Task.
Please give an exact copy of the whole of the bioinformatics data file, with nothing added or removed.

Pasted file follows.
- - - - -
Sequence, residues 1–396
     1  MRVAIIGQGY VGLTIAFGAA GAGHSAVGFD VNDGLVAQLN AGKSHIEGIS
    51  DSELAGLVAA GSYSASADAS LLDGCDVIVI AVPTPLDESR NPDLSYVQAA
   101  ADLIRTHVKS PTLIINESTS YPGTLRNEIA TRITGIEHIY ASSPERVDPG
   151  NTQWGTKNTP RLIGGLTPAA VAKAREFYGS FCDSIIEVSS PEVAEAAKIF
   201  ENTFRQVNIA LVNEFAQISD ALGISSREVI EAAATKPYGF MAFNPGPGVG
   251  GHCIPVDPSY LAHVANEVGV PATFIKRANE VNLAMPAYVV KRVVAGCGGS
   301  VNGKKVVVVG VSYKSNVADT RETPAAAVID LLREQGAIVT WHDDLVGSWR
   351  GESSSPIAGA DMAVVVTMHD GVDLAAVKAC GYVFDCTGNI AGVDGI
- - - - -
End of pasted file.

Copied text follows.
Sequence, residues 1–396
     1  MRVAIIGQGY VGLTIAFGAA GAGHSAVGFD VNDGLVAQLN AGKSHIEGIS
    51  DSELAGLVAA GSYSASADAS LLDGCDVIVI AVPTPLDESR NPDLSYVQAA
   101  ADLIRTHVKS PTLIINESTS YPGTLRNEIA TRITGIEHIY ASSPERVDPG
   151  NTQWGTKNTP RLIGGLTPAA VAKAREFYGS FCDSIIEVSS PEVAEAAKIF
   201  ENTFRQVNIA LVNEFAQISD ALGISSREVI EAAATKPYGF MAFNPGPGVG
   251  GHCIPVDPSY LAHVANEVGV PATFIKRANE VNLAMPAYVV KRVVAGCGGS
   301  VNGKKVVVVG VSYKSNVADT RETPAAAVID LLREQGAIVT WHDDLVGSWR
   351  GESSSPIAGA DMAVVVTMHD GVDLAAVKAC GYVFDCTGNI AGVDGI